SC lawmakers push for statewide 4-year-old kindergarten

jself@thestate.comFebruary 8, 2013 

  • Expanding 4K By the numbers

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    Number of 4-year-olds in South Carolina

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    Percentage of those 4-year-olds who now attend some form of publicly funded 4-year-old kindergarten

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    The amount in public money that was spent on 4K education in South Carolina in 2010-11, including $35.6 million from the state (excludes $41 million from federal Head Start)

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    Estimated cost to S.C. taxpayers to expand 4K statewide, according to a sponsor of a bill to do that

— 60,000

50.7 percent

$94.2 million

$100 million

On Friday, 4-year-olds at Clemson Road Child Development Center played with fake snow, built castles and romped on the playground, complete with a miniature race track and performance theater.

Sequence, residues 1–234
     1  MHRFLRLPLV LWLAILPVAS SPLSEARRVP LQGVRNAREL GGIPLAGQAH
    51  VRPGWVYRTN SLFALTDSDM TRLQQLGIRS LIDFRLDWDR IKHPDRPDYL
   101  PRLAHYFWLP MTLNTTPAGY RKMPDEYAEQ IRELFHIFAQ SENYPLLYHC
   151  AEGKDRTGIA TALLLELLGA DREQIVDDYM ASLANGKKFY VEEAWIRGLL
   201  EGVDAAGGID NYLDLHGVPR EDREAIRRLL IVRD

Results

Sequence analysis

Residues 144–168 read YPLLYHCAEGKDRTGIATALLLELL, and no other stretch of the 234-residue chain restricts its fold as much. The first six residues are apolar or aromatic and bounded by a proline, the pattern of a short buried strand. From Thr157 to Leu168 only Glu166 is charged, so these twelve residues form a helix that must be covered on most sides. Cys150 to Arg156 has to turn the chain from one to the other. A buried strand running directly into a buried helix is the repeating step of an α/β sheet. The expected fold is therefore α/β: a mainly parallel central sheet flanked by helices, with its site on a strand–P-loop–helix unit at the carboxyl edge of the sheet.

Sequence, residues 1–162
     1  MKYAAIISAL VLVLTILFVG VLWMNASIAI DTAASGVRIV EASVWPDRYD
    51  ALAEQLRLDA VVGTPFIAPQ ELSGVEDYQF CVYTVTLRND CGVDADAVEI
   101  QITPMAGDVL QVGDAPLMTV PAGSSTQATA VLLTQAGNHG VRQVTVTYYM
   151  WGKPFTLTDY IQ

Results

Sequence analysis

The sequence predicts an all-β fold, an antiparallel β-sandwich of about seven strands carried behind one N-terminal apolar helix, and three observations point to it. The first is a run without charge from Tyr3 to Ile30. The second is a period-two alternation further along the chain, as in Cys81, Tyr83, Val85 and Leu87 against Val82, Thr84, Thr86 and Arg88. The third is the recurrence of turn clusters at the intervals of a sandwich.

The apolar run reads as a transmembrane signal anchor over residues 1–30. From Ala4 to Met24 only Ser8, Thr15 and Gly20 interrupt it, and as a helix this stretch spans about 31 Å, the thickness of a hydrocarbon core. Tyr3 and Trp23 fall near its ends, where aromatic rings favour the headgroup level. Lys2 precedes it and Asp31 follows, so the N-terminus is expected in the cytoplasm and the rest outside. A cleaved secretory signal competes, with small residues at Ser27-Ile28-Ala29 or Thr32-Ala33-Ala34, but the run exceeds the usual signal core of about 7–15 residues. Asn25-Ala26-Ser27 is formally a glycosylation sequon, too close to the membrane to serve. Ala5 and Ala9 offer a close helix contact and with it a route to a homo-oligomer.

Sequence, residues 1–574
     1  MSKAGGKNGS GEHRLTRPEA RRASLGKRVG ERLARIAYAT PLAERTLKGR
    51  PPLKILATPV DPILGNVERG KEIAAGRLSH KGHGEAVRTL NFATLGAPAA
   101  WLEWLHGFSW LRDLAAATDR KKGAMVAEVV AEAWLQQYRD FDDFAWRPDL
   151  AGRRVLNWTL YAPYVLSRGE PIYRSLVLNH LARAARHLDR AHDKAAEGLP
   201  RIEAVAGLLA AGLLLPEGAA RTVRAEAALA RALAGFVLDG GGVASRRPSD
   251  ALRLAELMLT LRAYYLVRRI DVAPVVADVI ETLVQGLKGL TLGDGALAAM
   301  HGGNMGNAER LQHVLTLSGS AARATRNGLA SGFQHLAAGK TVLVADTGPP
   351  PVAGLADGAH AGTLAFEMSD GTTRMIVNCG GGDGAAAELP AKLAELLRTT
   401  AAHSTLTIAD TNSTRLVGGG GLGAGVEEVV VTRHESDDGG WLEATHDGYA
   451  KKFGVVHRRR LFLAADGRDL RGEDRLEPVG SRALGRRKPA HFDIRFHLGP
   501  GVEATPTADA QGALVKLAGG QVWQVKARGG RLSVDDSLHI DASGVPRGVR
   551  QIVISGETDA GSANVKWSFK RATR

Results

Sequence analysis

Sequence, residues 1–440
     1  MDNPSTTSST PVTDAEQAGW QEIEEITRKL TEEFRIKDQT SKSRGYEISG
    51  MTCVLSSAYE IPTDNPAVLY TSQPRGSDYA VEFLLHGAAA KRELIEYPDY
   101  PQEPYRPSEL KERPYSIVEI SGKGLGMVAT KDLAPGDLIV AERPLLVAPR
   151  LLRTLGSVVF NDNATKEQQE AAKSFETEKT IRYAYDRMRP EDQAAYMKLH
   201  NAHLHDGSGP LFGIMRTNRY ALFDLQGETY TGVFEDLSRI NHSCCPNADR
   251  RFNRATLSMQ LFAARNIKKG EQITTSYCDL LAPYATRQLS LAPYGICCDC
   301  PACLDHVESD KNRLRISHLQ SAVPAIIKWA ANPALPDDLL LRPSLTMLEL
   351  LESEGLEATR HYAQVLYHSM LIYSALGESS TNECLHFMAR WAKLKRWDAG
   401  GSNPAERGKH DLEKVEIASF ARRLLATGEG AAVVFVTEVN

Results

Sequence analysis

The children take monthly field trips and listen to visitors give presentations, said lead teacher Debbie Brady.

“We’re trying to get them out doing things,” Brady said, adding that experiencing new things – a key component of education – helps the 4-year-olds learn.

Of South Carolina’s 60,000 4-year-olds, 50.7 percent attend some form of publicly funded 4-year-old kindergarten. But if a group of mostly Democratic lawmakers in the state House and Senate have their way, more 4-years-olds could go to kindergarten.